Monday, July 09, 2012

Seizing control: 10 tips to help manage diabetes

The following tips come from the Food and Health Communications service and look at 10 ways to take control of your health and diabetes. It's very easy to be overwhelmed by all the advice and directives. Instead of trying to solve all your problems "today," it might be more affective to educate yourself each day and make the baby steps toward health and wellness.
  • A scaled-down approach. Control your weight if you are overweight. Type 2 diabetes linked to obesity often disappears if the obesity is corrected.
  • Exercise your rights to a healthy you. Participate in regular physical activity. Regular physical activity improves fitness and quality of life and decreases the risk of cardiovascular disease. It also helps with weight control. In Type 2 diabetes, regular physical activity helps to improve blood glucose control and possibly decrease the need for insulin or oral medications.  
  • Understand and limit saturated fat. Watch the amount of saturated fat, trans-fat and cholesterol you consume, as they tend to raise blood cholesterol levels. Foods to watch out for include fatty meats, fried foods, high fat dairy products, bakery goods and margarine. Choose lean cuts of meat and limit yourself to 3-ounce portions twice a day. Eat less red meat and more skinless poultry and fish. Use beans as your main dish instead of meat.
  • Daily doses of fiber. Increase your intake of fiber. Fiber comes from plants and may help to lower blood glucose and levels of fats in the blood. Foods high in fiber include bran cereals, cooked beans and peas, whole-grain bread, fruits and vegetables.
  • Wholesome, healthy foods. Eat more whole grains, fruits and vegetables as opposed to refined foods. Not only do whole foods contain fiber, but they also contain numerous plant chemicals, or phytochemicals, which appear to be beneficial for health.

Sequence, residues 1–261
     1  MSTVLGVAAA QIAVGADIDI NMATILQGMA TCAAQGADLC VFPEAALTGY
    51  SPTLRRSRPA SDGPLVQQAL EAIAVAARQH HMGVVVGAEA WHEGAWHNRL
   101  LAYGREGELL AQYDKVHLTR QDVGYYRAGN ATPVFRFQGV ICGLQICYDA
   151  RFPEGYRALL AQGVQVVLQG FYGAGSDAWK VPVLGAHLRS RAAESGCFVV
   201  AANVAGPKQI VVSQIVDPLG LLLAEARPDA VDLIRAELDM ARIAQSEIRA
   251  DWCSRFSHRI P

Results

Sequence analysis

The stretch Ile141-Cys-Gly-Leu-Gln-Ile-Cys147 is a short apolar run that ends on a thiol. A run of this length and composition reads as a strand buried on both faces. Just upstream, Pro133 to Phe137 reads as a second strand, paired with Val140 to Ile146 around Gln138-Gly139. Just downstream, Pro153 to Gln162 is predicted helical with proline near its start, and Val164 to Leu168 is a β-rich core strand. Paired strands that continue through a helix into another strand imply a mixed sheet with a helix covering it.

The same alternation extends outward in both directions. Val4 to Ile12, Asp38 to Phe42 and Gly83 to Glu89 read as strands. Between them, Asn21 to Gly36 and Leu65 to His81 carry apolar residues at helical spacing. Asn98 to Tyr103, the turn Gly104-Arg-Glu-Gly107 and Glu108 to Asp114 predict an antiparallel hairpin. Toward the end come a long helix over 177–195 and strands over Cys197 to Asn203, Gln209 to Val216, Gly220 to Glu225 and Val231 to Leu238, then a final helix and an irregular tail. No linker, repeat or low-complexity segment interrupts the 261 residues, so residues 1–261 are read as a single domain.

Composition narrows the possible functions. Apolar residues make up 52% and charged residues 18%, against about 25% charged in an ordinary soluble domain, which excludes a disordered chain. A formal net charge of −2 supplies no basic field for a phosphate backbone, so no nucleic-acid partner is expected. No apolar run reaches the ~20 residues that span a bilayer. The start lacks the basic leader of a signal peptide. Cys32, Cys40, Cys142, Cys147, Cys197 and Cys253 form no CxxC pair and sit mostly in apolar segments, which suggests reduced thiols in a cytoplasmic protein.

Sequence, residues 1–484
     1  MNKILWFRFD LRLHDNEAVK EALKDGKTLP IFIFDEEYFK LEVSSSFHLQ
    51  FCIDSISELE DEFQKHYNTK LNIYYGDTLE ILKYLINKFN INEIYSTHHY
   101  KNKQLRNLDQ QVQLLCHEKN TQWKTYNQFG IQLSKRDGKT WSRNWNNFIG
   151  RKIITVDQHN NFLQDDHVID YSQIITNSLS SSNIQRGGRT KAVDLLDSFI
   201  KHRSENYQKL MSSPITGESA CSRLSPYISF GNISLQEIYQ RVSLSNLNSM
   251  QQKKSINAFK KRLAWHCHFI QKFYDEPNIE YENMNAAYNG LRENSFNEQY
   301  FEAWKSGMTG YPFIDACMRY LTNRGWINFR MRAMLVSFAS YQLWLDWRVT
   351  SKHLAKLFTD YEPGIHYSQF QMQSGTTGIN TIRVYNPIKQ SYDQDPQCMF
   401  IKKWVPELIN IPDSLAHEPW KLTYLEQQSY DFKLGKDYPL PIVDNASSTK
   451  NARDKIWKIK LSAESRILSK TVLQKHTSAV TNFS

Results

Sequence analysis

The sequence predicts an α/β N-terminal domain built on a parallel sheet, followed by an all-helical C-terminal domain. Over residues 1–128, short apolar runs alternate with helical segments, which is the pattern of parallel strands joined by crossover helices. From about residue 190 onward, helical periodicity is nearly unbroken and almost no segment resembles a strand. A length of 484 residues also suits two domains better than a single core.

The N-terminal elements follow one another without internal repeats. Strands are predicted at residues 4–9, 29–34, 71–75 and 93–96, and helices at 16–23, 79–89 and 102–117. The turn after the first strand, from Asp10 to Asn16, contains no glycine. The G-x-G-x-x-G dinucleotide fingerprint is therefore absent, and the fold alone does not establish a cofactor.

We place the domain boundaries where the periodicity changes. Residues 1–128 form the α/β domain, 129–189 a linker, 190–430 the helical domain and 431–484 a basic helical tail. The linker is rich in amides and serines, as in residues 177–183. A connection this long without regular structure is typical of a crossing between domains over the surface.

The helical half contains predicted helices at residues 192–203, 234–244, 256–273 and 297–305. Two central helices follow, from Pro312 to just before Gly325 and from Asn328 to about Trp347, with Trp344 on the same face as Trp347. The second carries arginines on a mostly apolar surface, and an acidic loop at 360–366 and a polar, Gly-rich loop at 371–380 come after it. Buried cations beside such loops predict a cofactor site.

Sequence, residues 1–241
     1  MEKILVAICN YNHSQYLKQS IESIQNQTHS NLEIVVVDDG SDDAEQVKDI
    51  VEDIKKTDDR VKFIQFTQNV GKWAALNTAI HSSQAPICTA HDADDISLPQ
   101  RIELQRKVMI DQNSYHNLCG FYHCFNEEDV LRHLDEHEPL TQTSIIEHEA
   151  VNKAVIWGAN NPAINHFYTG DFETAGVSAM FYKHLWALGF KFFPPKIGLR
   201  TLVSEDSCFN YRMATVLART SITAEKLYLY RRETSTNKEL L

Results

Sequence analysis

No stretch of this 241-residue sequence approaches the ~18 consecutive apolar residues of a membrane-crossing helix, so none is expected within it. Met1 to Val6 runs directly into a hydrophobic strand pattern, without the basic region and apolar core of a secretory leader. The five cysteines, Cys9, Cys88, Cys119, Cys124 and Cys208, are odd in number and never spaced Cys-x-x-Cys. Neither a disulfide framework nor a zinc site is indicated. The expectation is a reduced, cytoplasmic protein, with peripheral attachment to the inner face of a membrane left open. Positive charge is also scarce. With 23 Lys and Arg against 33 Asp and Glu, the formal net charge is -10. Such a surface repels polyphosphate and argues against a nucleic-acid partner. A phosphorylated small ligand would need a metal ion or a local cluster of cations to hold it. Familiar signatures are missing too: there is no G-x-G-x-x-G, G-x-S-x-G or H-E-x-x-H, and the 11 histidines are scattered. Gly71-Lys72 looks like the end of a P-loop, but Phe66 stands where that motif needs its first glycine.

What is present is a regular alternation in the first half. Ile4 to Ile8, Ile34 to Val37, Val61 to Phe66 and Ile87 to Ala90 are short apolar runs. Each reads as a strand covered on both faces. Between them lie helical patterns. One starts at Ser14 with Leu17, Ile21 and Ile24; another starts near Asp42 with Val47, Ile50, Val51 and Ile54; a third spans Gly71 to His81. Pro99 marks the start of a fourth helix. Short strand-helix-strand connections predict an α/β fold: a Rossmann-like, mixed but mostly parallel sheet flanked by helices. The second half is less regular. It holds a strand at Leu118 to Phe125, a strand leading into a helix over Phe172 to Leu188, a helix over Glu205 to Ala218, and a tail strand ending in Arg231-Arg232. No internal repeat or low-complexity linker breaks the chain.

• Work on the balancing act. Eat regular, well-balanced meals with snacks as needed. This will help to improve your blood glucose levels and reduce overeating. A well-balanced meal consists of about 1/4 protein foods and 3/4 carbohydrate foods.
  • Remember, "free" can carry a price. Understand that “sugar-free” doesn’t mean carbohydrate-free or calorie-free. “Sugar-free” foods are often sweetened with fructose or sugar alcohols (xylitol, mannitol, sorbitol). These sweeteners may have a  smaller effect on your blood glucose levels than table sugar, and they are okay to use in moderate amounts. But foods containing fructose or the sugar alcohols will still contain calories. Even foods sweetened with artificial sweeteners (such as sugar-free pudding) still have calories and are not “free” foods.
  • Understand the need to understand carbs. Know the carbohydrate content of the foods you eat. Carbohydrates occur naturally in milk and fruit, and are also found in pasta, bread, rice, dried beans and peas, and starchy vegetables such as potatoes, corn or green peas. Depending on the type, carbohydrates can cause a spike in blood sugar levels, or keep levels more steady. This means that while there is a carbohydrate limit for diabetics, it is also important to make wise choices about the type of carbohydrate consumed.
  • Be an informed drinker. Use alcohol in moderation. If your blood glucose levels are in good control and alcohol is consumed with foods containing carbohydrate, one drink a day is acceptable. However, it is important to monitor your blood glucose to know how you react to alcohol since alcohol can lead to hypoglycemia.
  • Knowledge is power. Know where to go for reliable information. The following organizations offer credible information for consumers with diabetes: 

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